Photos courtesy of Jim Flinchum
Not many people can say they have lived to see three digits on their birthday cake, but James I. Flinchum of Christiansburg certainly can.
Flinchum celebrated his 100th birthday with a party on Oct. 15 surrounded by close family and friends.
Flinchum, a local who grew up in the Indian Valley section of Floyd County with ten other siblings, is also the last living World War II veteran in Montgomery County.
Serving in the Army Air Force from the spring of 1943 until his discharge on Dec. 16, 1945, Flinchum was stationed in England and then went on to fight in the Battle of the Bulge in Europe. The attack from German soldiers was believed to be one of the bloodiest battles fought by the United States, in extreme cold weather of the Ardennes mountains.
The following excerpt was provided by James Flinchum’s son, Jim Flinchum, who shared a bit about his father’s time in Europe:
“As luck – bad luck – would have it, when they were offshore of Normandy and needed to off-load the fire engine, the seas became so heavy that the crane for lifting the first engine collapsed, dropping their fire engine to the bottom of the English Channel.
It was almost dark when they finally moved past Omaha Beach, where it was like a fireworks show. Realizing that “what goes up must come down”, he crawled under a jeep to wait for the ammo to stop dropping out of the night sky. Unfortunately, he had to share that safe place with a dead German soldier.
After the 24,000 paratroopers dropped behind enemy lines and the brave Marines scaled the deadly cliffs under intense fire, James was able to assemble with his unit. His job was to provide landing support for the P-51 “Mustang” fighter planes, putting the fires out and pulling the surviving pilots out. As soon as the temporary landing strip was available, he watched General Eisenhower land and refuel to tour the progress of the Allies – the good guys.
As he approached the Battle of the Bulge, he spent several nights as a lookout in ditches. He would challenge all passersby for the password. I think the most difficult night was when the sergeant told him to aim his rifle at the door of a particular church with instructions to kill anybody coming out of the door. Being a Christian and respective of all churches, he prayed all night that he wouldn’t have to kill any person coming out of church. God smiled that night, as nobody came out of the church.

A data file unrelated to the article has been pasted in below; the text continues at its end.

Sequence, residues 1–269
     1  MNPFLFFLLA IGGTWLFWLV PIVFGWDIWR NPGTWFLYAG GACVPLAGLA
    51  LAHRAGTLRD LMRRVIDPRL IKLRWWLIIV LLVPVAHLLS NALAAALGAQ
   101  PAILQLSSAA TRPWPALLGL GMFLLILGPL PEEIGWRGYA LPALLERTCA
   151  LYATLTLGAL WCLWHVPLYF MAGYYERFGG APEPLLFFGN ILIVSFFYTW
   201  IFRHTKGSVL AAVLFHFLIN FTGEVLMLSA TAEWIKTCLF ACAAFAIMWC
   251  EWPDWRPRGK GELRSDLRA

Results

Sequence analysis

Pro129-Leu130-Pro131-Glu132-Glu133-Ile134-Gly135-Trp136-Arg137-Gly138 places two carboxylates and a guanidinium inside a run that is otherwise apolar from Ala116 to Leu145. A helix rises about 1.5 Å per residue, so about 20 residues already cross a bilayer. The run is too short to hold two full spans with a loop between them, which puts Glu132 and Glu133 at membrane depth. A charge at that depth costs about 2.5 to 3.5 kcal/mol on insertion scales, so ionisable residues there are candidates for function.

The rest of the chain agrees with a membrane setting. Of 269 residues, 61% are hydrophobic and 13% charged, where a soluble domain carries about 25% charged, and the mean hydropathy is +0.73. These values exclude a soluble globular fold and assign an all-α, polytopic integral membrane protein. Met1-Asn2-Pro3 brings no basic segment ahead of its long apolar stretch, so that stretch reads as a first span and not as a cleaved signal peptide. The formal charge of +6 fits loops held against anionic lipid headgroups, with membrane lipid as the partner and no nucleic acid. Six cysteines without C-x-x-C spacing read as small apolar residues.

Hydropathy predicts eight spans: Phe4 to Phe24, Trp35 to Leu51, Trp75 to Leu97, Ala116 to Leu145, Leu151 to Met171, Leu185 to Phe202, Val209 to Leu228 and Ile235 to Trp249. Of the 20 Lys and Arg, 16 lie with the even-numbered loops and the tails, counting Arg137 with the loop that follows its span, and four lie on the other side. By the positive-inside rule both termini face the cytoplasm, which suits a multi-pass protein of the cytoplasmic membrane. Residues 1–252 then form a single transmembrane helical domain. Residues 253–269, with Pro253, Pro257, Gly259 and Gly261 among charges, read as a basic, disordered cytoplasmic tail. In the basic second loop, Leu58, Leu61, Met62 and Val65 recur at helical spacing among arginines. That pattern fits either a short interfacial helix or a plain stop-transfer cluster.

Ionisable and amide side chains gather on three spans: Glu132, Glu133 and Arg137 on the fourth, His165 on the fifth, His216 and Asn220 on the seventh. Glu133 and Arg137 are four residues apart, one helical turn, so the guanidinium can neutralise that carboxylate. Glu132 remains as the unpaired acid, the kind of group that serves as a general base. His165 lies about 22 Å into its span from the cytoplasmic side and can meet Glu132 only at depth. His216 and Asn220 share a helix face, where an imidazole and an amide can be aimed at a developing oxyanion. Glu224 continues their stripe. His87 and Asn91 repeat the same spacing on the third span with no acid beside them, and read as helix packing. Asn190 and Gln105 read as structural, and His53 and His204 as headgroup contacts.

As the war neared its end, Dad was sent to a Nazi death camp, where the surviving Jews were being discharged as soon as they were able. It was a horrible sight for James, but he chose to focus on something less horrible. Being a farm boy from the mountains of Virginia, he focused on how hard the ground was, where so many thousands of Jews waited and suffered.”
After Flinchum’s discharge from the service in 1945, he then became a Security Specialist in the Fire Department of Little Creek Amphibious Base in Virginia Beach. He retired Feb. 1, 1975.
Shortly after returning from his service, Flinchum met his wife, Nora Childress, and they were married in 1946, and their son arrived in 1947. The couple later settled in Riner and were married for 67 years.
Jim Flinchum, son of James and Nora, said his father once wrote to his mother on an anniversary that “getting married was fun but staying married was even more fun.”
James’ wife Nora passed away in March of 2014.
Jim Flinchum says like a lot of combat veterans, talking about his time in Europe has been particularly difficult for his dad.
“That often exposes too much emotion or too little emotion,” Jim Flinchum said. “However, he does enjoy his memories of living in the mountains and the many good people there! He especially enjoys the company and humor of his one surviving sister, Nelva Shelton of Floyd and is thankful for the care and attention received from his niece, Joy Volner of Riner, and his nephew, Wendell Flinchum of Christiansburg.”
Jim Flinchum, a Vietnam veteran, is semi-retired in Virginia Beach.